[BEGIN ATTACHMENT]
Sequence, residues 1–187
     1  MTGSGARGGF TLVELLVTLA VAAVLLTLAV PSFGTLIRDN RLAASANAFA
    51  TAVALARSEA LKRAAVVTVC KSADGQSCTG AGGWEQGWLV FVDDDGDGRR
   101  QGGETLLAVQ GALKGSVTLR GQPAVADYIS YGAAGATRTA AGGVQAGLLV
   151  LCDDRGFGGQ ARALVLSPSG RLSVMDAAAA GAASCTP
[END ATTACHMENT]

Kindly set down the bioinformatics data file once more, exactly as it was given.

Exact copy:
Sequence, residues 1–187
     1  MTGSGARGGF TLVELLVTLA VAAVLLTLAV PSFGTLIRDN RLAASANAFA
    51  TAVALARSEA LKRAAVVTVC KSADGQSCTG AGGWEQGWLV FVDDDGDGRR
   101  QGGETLLAVQ GALKGSVTLR GQPAVADYIS YGAAGATRTA AGGVQAGLLV
   151  LCDDRGFGGQ ARALVLSPSG RLSVMDAAAA GAASCTP